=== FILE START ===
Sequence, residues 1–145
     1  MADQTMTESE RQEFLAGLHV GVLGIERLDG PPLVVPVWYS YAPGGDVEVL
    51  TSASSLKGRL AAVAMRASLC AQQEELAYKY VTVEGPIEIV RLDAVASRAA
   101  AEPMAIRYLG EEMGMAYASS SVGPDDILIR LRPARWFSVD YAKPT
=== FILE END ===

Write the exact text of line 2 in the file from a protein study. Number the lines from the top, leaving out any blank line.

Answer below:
     1  MADQTMTESE RQEFLAGLHV GVLGIERLDG PPLVVPVWYS YAPGGDVEVL